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Because his feathers are more beautiful?
Or is the adder better than the eel,

Because his painted skin contents the eye?

7. Like a rich jewel in an Ethiop's ear.

Her polish'd limbs
Veil'd in a simple robe, their best attire,
Beyond the pomp of dress; for loveliness
Needs not the foreign aid of ornament,
But is, when unadorn'd, adorn'd the most.




THOMSON'S Seasons.

9. Let firm, well-hammer'd soles protect thy feet,

Through freezing snows, and rain, and soaking sleet;—
Should the big last extend the sole too wide,
Each stone will wrench th' unwary step aside;
The sudden turn may stretch the swelling vein,
Thy cracking joints unhinge, or ankle sprain;
And when too small the modest shoes are worn,
You'll judge the seasons by your shooting corn.

GAY'S Trivia.

10. Nor should it prove thy less important care,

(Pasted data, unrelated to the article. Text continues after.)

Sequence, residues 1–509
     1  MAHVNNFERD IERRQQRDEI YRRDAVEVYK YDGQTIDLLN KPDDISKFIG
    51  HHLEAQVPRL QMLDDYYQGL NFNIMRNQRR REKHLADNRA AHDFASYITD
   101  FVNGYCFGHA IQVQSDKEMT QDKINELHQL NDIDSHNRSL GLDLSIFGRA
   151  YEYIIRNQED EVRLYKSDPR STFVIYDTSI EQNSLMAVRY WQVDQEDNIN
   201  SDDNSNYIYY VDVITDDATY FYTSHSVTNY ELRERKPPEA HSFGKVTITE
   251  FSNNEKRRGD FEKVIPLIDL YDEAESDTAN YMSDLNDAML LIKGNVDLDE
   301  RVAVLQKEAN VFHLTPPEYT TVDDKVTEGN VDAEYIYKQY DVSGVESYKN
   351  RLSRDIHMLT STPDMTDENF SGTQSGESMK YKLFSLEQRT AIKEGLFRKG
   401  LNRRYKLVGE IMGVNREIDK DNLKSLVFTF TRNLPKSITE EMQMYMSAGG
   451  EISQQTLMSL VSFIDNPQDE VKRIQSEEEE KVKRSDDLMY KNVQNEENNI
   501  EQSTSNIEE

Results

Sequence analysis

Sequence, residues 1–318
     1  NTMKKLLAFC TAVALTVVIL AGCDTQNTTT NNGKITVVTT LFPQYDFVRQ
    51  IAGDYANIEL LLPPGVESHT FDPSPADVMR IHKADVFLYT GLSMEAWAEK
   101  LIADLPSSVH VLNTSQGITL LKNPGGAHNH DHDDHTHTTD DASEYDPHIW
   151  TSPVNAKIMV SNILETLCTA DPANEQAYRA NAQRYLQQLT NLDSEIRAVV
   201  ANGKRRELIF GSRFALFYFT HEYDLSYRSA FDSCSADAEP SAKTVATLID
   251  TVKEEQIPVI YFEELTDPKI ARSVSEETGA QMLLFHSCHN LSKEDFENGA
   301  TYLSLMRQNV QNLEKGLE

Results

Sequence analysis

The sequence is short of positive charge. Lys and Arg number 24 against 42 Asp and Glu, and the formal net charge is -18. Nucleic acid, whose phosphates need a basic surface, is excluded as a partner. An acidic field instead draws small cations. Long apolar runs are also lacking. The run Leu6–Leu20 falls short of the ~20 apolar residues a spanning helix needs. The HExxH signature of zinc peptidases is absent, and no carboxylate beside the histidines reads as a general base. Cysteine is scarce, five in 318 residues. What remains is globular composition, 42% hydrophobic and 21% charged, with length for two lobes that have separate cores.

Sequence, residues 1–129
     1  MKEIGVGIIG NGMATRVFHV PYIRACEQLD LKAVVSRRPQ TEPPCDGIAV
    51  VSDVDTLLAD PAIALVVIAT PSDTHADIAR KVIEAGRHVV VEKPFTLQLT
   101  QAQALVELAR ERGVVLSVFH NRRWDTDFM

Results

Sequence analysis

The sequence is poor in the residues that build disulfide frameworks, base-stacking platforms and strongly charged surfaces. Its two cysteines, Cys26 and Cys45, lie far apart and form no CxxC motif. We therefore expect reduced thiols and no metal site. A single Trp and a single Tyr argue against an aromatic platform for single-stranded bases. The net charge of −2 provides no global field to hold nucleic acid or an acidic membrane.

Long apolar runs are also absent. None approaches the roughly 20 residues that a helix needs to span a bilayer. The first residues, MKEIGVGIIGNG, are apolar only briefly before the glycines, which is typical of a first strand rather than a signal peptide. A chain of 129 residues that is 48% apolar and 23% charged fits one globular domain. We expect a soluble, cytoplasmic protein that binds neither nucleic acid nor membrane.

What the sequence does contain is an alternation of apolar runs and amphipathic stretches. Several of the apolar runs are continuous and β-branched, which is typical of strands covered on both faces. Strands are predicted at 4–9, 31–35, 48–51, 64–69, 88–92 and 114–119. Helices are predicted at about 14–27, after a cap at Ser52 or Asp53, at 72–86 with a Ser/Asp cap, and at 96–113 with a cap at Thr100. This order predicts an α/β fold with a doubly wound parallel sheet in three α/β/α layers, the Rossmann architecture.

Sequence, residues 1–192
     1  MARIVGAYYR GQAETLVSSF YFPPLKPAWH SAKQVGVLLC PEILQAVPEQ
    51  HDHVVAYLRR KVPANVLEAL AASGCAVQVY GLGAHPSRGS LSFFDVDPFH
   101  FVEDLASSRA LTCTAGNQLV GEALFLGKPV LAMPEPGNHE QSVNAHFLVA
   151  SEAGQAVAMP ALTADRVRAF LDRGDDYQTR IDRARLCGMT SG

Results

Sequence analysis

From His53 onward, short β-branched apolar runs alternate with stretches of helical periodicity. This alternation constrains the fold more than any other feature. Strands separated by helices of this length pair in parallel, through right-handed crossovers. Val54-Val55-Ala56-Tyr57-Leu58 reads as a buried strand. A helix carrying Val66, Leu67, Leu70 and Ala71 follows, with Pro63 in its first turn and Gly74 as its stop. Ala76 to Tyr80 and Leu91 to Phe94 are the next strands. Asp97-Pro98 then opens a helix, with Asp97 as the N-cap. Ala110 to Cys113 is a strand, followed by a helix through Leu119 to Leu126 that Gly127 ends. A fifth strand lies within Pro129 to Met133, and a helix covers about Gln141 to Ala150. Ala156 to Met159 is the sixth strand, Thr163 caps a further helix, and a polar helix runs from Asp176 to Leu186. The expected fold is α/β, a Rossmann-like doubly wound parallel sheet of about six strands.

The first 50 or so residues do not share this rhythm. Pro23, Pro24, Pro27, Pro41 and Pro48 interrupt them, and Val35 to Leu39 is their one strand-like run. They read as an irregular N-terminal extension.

To choose a proper coat for winter wear;
Be thine of kersey firm, tho' small the cost;
Then brave, unwet, the rain-unchill'd, the frost.

GAY'S Trivia.

11. Let beaux their canes with amber tipt produce;
Be theirs for empty show, but thine for use.
Imprudent men Heaven's choicest gifts profane;
Thus some beneath their arm support the cane,
The dirty point oft checks the careless pace,
And muddy spots the clean cravat disgrace.
Oh! may I never such misfortune meet!
May no such vicious persons walk the street!

GAY'S Trivia.


12. In diamonds, curls, and rich brocades She shines the first of batter'd jades, And flutters in her pride.

13. Say, will the falcon stooping from above,
Smit with her varying plumage, spare the dove?
Admires the jay the insect's varying wings?
Or, hears the hawk when Philomela sings?

14. Be not the first by whom the new is tried, Nor yet the last to lay the old aside.

17. He had that grace, so rare in every clime,
Of being, without alloy of fop or beau,
A finish'd gentleman, from top to toe.

18. But, next to dressing for a rout or ball, Undressing is a woe.